Americans have more than $20 billion in unused gift cards, store credits, and other vouchers, according to a new Bankrate study. For the typical person, that comes out to $167 in value that's lingering in your wallet or desk drawer.
The irony is that gift cards are popular presents, says Ted Rossman, industry analyst at Bankrate.com. "They show up on surveys as some of the most-wanted gifts. But then we find out that so many people are not using them, and it represents a lot of real money going to waste."
Half of Americans have at least one unredeemed gift card, according to the study. If you're among them, you don't have to let that money go to waste or buy something you don't really want.
Here are three ways to make the most of unused gift cards.
If you receive a gift card to a store where you don't shop, think about whether you can use that credit to shop for others on upcoming holidays and birthdays.
"Maybe the store you got the gift card to doesn't have anything that you like, but perhaps they carry some products your mom or sister would like that you could use toward a Mother's Day or birthday gift," consumer savings expert Andrea Woroch says.
This way, your gift card doesn't go to waste, and you don't have come up with extra money in your budget for gift giving.
More than half (57%) of people in the Bankrate survey have held on to unused gift cards for more than a year. But because of the so-called CARD Act of 2009, gift cards cannot expire for at least five years. And most gift cards have no expiration date, Rossman says.
That means if you got a gift card last Christmas that you know you won't use, you can save it until next Christmas and regift it to someone who does shop at that retailer.
But make sure you check the terms and balance before regifiting. Airline vouchers can have earlier expiration dates, for example, and so can promotional gift cards retailers offer as bonus gifts with purchase. And the CARD Act does allow gift card issuers to charge an "inactivity fee" that can kick in after 12 months without use.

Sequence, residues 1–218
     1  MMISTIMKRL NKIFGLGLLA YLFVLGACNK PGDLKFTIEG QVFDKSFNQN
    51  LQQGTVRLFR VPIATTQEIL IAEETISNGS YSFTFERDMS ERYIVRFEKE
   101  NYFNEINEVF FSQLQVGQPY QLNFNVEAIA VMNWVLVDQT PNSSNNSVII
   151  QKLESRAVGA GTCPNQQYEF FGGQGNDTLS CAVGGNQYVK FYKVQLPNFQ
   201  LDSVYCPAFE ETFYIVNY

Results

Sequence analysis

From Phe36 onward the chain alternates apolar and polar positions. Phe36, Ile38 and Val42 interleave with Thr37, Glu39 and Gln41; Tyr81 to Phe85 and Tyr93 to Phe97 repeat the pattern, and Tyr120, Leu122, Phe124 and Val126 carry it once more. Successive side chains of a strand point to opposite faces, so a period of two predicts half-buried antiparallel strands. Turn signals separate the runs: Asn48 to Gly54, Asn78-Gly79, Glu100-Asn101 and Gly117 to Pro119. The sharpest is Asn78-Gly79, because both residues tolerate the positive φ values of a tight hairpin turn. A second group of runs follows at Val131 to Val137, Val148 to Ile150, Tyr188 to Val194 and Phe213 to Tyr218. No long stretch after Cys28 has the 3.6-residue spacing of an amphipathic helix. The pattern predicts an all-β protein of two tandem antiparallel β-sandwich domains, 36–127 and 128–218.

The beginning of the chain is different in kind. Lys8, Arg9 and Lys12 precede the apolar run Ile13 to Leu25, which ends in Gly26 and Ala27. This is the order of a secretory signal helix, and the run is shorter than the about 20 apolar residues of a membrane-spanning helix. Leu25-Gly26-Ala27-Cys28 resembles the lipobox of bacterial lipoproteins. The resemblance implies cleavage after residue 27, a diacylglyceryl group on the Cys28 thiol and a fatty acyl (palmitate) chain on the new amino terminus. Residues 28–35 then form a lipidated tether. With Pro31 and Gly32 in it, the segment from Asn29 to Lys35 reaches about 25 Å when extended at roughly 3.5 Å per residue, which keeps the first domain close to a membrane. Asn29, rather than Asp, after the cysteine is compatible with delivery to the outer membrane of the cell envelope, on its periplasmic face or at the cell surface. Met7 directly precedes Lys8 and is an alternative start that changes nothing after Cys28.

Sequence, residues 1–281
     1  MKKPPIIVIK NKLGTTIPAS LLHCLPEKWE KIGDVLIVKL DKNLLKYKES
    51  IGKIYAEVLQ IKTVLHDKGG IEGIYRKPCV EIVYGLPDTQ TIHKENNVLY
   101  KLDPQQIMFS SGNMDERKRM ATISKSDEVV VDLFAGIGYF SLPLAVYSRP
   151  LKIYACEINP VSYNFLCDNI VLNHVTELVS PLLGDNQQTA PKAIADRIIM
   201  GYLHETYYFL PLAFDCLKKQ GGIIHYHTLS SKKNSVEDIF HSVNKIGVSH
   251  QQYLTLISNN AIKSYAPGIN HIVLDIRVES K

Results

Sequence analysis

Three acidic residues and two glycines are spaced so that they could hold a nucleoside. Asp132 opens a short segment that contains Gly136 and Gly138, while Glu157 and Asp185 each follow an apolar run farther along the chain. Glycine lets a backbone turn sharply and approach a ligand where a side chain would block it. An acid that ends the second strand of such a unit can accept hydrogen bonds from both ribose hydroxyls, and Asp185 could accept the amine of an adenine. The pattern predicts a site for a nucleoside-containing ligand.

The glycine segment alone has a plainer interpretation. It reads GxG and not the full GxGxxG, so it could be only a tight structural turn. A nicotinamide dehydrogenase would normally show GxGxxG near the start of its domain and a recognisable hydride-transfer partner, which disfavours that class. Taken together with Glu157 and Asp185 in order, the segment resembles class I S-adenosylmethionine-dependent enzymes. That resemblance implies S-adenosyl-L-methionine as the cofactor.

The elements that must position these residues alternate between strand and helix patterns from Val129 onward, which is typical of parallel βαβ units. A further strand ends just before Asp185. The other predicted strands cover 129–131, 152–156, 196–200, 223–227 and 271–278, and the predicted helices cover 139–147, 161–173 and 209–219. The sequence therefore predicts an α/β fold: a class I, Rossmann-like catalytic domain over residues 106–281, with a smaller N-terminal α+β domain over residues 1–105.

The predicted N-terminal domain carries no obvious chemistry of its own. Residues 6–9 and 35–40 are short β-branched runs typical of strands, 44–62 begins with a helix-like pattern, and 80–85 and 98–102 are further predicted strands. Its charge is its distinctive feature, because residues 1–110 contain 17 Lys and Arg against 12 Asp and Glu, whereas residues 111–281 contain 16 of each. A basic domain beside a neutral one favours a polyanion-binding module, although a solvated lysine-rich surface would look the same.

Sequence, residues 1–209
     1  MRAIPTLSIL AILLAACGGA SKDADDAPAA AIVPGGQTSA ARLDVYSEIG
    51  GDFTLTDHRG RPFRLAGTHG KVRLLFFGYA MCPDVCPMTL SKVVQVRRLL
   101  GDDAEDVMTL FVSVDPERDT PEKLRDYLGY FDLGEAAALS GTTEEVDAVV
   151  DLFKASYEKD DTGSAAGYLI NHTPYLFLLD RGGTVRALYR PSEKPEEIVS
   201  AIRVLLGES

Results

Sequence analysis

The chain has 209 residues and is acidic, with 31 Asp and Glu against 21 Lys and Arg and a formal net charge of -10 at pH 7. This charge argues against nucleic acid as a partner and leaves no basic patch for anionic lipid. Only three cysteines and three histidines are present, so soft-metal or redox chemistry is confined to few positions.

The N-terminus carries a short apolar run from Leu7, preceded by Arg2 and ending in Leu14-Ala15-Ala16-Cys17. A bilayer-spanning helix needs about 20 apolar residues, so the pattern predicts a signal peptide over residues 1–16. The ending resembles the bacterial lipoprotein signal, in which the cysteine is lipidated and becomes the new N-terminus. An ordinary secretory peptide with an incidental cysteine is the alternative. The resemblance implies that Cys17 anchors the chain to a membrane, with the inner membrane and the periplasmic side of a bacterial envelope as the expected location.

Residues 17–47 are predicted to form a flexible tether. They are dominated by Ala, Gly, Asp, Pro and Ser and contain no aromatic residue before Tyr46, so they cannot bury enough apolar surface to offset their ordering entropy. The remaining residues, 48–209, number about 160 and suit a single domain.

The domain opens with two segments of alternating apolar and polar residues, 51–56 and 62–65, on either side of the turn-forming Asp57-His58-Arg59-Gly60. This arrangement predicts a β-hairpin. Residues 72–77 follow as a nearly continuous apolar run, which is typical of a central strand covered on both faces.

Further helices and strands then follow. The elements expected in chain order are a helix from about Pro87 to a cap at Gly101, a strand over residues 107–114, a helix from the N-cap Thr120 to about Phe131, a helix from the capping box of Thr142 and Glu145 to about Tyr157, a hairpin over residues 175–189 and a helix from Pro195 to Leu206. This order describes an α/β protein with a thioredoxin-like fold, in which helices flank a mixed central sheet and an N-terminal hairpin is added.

If you can't think of a family member or friend who would want the gift card, or who would want something from the store where the gift card has value, consider selling it to a third-party buyer.
Sites like Cardpool.com and Raise.com buy back gift cards for a lower price than the value of the card, then resell them. If you're not satisfied with the price offered, you can also sell them yourself on direct-to-consumer secondhand market places like eBay or Facebook Marketplace, Woroch says.
Don't expect to get the full value, Rossman says. "You get less than 100 cents on the dollar," he says. "In my experience, I would say you can get 70 to 80 cents on the dollar."
In some states, you can also redeem small amounts of gift card money for cash from the issuer. For example, in California, if you have $10 or less remaining on a gift card, you can redeem your gift card for cash. But in Washington, it's $5, and in Rhode Island it's $1.
Even if you're not reaping the full value of the gift card, getting some use out of it is better than letting it go to waste. "It's not doing any good if it's just sitting in a drawer," Rossman says.
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